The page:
The Devon Energy College Basketball Awards program continues to grow, both in size and scope and as a classy and quality event. And there’s no slowing down, with talk of one of the major networks potentially joining on to televise the festivities, possibly as soon as next year.
Monday’s latest gathering continued to reveal a fresh shine with a heavy-hitting list of award winners, all on hand: Michigan’s Trey Burke, the Oscar Robertson Player of the Year (Robertson was there to present, too); Miami’s Jim Larranaga, the Henry Iba Coach of the Year; Michigan State coach Tom Izzo, the Wayman Tisdale Humanitarian Award winner.
Locally, however, the spotlight was on the Wayman Tisdale Award winner, Oklahoma State’s Marcus Smart. And the major focus wasn’t so much on Smart as national freshman of the year, but whether Smart will have a sophomore season.
The Cowboys standout confirmed what insiders have been saying since OSU’s season ended in an NCAA Tournament loss to Oregon: he’s conflicted and stressed and going back and forth on a decision that “gets harder and harder every day.”
But if Smart should decide to retutrn to the Cowboys, might Izzo deserve an assist in the decision making process?
As the two crossed paths Monday night at the National Cowboy & Western Heritage Museum, Izzo told Smart: “Player of the year Trey Burke told me the best decision he ever made was coming back for another year!”
Indeed, Burke told reporters pretty much the same thing before the banquet, although he allowed that the decision is different for everyone. Burke’s draft stock was not quite to the height of Smart’s, which projects as top-5, maybe even No. 1.
Still, Burke talked about things that are definitely on the OSU side of the ledger when weighing the two options.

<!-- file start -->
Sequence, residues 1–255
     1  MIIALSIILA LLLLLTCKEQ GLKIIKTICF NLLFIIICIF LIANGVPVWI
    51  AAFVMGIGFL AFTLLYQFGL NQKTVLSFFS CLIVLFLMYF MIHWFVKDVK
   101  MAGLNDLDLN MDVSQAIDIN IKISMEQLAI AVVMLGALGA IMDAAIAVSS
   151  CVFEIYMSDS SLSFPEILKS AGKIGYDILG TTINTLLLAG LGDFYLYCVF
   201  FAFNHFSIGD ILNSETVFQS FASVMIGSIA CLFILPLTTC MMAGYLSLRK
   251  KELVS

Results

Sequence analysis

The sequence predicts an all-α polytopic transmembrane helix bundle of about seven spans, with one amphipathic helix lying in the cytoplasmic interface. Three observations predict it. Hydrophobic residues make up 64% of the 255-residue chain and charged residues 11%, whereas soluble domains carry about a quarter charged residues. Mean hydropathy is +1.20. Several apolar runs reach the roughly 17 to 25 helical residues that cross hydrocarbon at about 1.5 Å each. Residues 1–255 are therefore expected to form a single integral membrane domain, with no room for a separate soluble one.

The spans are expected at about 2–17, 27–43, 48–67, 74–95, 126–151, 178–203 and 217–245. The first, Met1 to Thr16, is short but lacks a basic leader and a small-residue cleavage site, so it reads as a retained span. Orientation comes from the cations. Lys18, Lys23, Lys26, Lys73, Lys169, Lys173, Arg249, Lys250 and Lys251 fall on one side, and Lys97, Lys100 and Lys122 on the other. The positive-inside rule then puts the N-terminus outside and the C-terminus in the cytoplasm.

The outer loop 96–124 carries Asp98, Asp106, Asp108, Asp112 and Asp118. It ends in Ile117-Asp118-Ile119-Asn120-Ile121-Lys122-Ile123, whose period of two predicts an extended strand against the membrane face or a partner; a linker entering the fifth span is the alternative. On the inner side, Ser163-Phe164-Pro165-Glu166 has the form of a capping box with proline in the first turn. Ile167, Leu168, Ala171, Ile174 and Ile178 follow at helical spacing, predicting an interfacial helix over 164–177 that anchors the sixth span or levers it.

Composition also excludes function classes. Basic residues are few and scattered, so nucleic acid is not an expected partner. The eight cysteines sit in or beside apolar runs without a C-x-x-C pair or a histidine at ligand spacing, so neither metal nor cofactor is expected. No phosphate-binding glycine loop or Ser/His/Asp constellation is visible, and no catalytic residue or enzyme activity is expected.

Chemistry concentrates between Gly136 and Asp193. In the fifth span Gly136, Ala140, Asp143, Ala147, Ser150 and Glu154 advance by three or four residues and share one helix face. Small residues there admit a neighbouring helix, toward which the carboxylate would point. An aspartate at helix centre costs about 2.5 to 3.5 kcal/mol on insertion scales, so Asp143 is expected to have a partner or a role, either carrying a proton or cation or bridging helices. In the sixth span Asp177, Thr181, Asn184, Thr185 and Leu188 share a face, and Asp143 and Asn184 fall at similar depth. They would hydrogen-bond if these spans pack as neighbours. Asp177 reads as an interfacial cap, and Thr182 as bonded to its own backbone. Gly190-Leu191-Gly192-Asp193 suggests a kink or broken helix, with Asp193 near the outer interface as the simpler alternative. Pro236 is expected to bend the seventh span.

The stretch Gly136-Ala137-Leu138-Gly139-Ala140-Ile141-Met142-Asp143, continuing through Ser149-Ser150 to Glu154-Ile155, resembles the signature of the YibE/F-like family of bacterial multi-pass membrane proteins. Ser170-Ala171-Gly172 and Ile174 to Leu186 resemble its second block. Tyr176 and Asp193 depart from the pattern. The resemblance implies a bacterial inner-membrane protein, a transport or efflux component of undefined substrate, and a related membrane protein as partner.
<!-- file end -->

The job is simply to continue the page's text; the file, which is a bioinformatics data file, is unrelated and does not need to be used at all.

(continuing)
“I think I was able to come back, mature for another year, grow mentally and physically,” Burke said. “And I was able to come back and be more of a leader, really.
“Going back to school, the whole college experience, that was something I needed again. I wanted to come back and still be a kid again. I think that’s allowed me to grow up as well.”
Burke was able to win big, too, with a run to the Final Four, followed by his national player of the year recognition.
Izzo noted that with reporters.
“He came back and got to go to a Final Four. That’s something a lot of guys will never get to do,” Izzo said. “There’s a lot of players who were good enough, but just because they decided to leave early… I don’t criticize them for wanting to make money either.
“That’s a good politician’s answer.”
Izzo said he saw Smart on TV, and liked what he saw.
“He’s the kind of guy I love,” Izzo said. “He’s like a linebacker in a basketball uniform.
“There’s not a lot of guys that I think play both ends and are as physically gifted as he is. That part of him, on the tube anyway, looked pretty impressive. I’m glad we didn’t have to face him.”
Maybe, however, there’s still a chance. And maybe Izzo will have a hand in it.